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  Reply # 1981480 22-Mar-2018 13:49
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vexxxboy:

 

sorry but it is all about profit , it has to make a profit to fulfill it's obligations to the government .

 

 

Same obligations as to its other 49% shareholders - make a return on their investment. But they have non financial obligations in their corporate mission - stuff like not killing passengers etc.

 

 


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  Reply # 1981482 22-Mar-2018 13:50
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Sideface:

 

Rikkitic:

 

... Until recently, the one-hour flight to Auckland cost nearly as much as flying to Sydney.

 

Recently was when Jetstar brought in a competing service, and now we have occasional $69 flights to Wellington during the week, although Air NZ (and Jetstar) still rips us off on weekends. ...

 

 

The last time that I flew by Air NZ Napier - Auckland return (on a week day) the same-day return fare was $800.

 

That is price gouging by any definition.

 

 

Then fly Jetstar?

 

 


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  Reply # 1981483 22-Mar-2018 13:52
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kryptonjohn:

 

vexxxboy:

 

sorry but it is all about profit , it has to make a profit to fulfill it's obligations to the government .

 

 

Same obligations as to its other 49% shareholders - make a return on their investment. But they have non financial obligations in their corporate mission - stuff like not killing passengers etc.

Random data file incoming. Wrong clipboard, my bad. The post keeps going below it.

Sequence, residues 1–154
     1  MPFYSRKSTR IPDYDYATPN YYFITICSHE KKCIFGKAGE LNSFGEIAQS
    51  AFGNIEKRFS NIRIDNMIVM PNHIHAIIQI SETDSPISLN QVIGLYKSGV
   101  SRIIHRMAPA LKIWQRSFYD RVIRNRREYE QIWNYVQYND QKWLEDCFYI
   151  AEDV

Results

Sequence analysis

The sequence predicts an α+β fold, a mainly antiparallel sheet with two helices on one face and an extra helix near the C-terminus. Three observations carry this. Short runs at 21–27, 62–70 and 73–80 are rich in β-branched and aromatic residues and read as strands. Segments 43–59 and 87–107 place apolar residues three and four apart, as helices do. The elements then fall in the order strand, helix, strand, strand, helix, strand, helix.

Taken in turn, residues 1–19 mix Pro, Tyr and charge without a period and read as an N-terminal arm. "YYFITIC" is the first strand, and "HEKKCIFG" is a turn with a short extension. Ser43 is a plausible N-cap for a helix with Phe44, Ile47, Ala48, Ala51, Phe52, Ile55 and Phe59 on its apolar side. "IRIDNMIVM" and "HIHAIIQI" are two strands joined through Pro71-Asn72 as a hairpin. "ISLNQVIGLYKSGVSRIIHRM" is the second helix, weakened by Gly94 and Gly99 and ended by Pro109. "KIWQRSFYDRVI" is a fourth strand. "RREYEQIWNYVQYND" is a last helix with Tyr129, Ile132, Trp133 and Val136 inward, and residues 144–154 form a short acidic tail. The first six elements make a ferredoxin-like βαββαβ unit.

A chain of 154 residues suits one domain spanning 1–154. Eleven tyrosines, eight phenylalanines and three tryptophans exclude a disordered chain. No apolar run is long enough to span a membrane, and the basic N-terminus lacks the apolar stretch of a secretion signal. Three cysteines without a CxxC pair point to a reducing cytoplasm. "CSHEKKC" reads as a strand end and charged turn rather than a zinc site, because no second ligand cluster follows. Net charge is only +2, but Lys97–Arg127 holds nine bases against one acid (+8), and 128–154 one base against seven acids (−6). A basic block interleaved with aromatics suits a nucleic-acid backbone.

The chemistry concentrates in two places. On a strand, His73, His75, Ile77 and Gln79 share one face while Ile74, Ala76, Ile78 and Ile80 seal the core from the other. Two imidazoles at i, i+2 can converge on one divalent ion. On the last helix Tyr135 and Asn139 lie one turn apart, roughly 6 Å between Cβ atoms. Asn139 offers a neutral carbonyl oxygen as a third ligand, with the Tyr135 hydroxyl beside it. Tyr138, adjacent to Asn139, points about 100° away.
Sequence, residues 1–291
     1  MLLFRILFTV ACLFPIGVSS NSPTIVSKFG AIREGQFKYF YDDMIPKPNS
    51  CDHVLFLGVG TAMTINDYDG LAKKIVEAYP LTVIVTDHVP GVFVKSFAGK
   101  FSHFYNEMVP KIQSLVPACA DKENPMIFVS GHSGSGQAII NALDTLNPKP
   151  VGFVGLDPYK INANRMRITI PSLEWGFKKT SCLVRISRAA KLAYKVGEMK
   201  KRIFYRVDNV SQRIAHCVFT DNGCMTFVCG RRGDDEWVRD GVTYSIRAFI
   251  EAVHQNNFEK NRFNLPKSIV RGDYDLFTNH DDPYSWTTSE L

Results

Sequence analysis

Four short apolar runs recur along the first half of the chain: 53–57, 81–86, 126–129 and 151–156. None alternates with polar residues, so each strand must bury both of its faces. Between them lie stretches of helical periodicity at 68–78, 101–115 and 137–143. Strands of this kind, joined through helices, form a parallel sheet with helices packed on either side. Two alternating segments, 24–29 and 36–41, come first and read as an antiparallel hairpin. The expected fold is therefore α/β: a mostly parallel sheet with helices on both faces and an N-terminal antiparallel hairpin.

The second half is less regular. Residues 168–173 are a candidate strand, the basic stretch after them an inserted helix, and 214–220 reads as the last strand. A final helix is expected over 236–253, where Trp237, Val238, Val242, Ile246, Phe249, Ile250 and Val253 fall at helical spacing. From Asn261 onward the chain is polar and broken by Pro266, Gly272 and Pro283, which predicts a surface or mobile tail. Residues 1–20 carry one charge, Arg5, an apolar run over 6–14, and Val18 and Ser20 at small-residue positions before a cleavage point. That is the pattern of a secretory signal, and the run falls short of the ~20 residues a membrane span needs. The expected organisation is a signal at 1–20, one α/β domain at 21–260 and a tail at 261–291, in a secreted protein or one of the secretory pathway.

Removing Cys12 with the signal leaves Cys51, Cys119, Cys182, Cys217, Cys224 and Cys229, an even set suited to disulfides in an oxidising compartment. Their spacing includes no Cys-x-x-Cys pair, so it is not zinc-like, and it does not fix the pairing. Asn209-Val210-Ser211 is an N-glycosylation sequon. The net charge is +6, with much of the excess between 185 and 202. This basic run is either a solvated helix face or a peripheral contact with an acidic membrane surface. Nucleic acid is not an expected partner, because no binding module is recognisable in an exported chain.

https://thespinoff.co.nz/politics/22-03-2018/does-shane-jones-want-air-new-zealand-to-break-the-law/





Common sense is not as common as you think.


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  Reply # 1981484 22-Mar-2018 13:53
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MikeAqua:

 

Linux:

 

@Sideface booked a ticket last night NPE - AKL $39 on Jetstar weekday 

 

 

But will you get there?   That's the punt with JetStar.

 

 

I go there a couple of times a year, never been a problem with Jetstar. Like AirNZ if there's no viz you won't be going regardless of airline.

 

 


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  Reply # 1981485 22-Mar-2018 13:53
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MikeAqua:

 

I gotten used to paying more for regional flights.  What really annoys me is the lower standard of food service in regional koru lounges at the main airports.  Pay more.  Get less.   First world problem but it irritates me. 

 

 

 

 

I flew out of Queenstown yesterday and the Koru there is far better than Auckland or Welligton's domestic Koro.





Generally known online as OpenMedia, now working for Red Hat New Zealand as a Solution Architect for all things Linux, Virtual and of course Cloud. Still playing with MythTV and digital media on the side.



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  Reply # 1981537 22-Mar-2018 14:27
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I don’t agree with the argument that companies are in business only for profit and only have a duty to their shareholders. Companies are part of the community they operate in, and they enjoy a wide range of benefits from that community, both direct and indirect. Enlightened companies acknowledge this and make an effort to give back to their communities, even if that doesn’t provide an immediate financial return. I’m not sure if laying on an all-expenses paid golf trip for a very well-off former president qualifies.